There is a clear distinction between how do board game designers and board game publishers think and what are their expectations.
When I first started as a game designer, back in 2010, my goals and aspirations were crystal clear. I wanted to make good games, if possible brilliant, for people to enjoy and play every day. From the very beginning I knew that I will design gamers' games, the kind that won't be on everyone's table every evening and I went for no compromise.
One year later, I made the decision to go also into publishing. I must take a short detour here... As a freelance game designer, the competition is fierce and there are probably 100 times more designers that are still waiting for their big break than published designers. Even those who innovate and create very good board games can wait for years until a publishing house takes their games and for most designers this never happens. Now, coming back to the main story line, my decision to go into publishing was backed by a few friends that offered to help and get involved and I was going to quit my job anyway and this looked like a great opportunity to do what I really like and have the freedom to publish my own designs, thus circumventing all the constraints that bind other designers.
I am going to take a big step forward through time to the end of 2011. This is when the conflict between the designer and the publisher really started. What I had not realized before is that game designing is light years away from publishing in terms of thinking, effort and understanding the industry.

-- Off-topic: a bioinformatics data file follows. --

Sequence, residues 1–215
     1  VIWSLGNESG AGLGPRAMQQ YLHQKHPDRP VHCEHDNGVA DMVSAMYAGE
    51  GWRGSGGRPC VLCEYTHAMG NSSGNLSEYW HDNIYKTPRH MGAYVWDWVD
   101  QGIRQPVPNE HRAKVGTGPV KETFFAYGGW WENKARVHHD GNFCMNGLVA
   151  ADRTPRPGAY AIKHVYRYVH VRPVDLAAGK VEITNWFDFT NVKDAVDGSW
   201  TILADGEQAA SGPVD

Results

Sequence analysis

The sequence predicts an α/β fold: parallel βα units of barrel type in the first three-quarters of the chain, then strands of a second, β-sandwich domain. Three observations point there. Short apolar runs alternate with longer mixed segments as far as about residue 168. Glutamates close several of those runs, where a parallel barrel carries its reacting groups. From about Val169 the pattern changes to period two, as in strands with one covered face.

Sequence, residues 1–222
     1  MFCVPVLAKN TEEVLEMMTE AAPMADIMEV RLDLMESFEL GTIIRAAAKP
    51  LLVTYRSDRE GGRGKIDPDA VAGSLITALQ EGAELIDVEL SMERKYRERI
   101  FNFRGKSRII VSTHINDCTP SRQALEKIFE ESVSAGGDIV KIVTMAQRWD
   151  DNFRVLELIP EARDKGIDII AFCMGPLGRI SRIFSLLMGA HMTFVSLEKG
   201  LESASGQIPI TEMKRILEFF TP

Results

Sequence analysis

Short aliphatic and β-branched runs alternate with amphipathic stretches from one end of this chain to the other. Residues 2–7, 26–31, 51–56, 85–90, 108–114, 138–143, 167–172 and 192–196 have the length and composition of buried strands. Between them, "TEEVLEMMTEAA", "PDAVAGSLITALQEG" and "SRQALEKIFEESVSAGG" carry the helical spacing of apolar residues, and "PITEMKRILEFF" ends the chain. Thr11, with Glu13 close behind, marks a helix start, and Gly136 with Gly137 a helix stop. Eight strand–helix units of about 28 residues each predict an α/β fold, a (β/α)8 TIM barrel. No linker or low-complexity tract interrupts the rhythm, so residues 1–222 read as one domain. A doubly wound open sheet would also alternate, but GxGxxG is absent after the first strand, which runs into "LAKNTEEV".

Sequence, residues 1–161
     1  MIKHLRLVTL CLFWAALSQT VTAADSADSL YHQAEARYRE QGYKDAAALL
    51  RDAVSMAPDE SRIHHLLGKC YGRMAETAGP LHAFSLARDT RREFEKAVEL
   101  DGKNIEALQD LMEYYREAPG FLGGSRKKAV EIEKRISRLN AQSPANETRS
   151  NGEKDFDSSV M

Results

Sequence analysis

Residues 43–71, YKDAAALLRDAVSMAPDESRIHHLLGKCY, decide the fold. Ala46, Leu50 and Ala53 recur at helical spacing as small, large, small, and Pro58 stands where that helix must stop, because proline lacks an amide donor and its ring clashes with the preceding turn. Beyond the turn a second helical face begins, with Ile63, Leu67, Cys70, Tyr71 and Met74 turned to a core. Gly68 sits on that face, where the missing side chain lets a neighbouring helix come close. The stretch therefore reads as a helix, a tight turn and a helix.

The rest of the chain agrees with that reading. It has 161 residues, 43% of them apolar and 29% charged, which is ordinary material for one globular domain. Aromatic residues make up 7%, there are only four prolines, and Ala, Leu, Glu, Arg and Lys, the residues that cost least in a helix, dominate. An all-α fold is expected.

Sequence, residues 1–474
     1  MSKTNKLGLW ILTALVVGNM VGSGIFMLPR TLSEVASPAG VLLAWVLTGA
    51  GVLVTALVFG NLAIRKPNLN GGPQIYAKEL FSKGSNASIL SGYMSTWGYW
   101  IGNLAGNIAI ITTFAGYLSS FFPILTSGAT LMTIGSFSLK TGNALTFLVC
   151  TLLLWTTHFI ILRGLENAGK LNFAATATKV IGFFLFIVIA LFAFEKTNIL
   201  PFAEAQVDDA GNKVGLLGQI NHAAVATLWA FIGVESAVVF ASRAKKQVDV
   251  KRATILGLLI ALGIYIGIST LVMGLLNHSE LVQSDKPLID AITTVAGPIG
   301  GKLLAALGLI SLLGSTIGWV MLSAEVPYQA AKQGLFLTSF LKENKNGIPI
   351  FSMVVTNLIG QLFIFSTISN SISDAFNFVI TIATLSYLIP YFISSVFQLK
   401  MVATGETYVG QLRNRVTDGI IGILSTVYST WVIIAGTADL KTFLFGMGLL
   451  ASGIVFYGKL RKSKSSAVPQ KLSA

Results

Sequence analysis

As a designer I always started from an idea I liked. I would then create the theme, the game mechanics, take it to my friends to play-test, improve it, test again, without ever worrying about the market value of the game. As long as the game was interesting and enjoyable, I had no concerns about how the game would sell. As a designer I was oblivious to the demands of the board games market and I assumed that if game is good, it will sell.
The perspective of a publisher is completely different, or, at least, it should be. The main focus is understanding the industry and the market trends. Based on these, there is a decision making process which could take months or even years regarding what kind of gamed have a chance on a very competitive market.
When I really started to understand the market, NSKN was already one year old. Back then I understood that there will always be a conflict between the publisher and my alter ego, the designer. And there's no easy way to find common ground.
Last spring I attended a designers convention in Gottingen. Inside the huge hall there were may tables with designers on one side, presenting their creations and publishers on the other side, moving from table to table, listening to hundreds of different ideas and choosing two or three to evaluate for publishing. I acted as both, I took some time to see what people have created and I also stood face-to-face with the representative of a major publisher in my attempt to better understand the market. It was then when I realized that there was a big gap between the two.
Each publisher comes with his homework complete - a market analysis which tell what kind of games will sell in the upcoming year - and this is exactly what they're looking for. Anything that does not follow all the requirements is immediately rejected. It's all about business.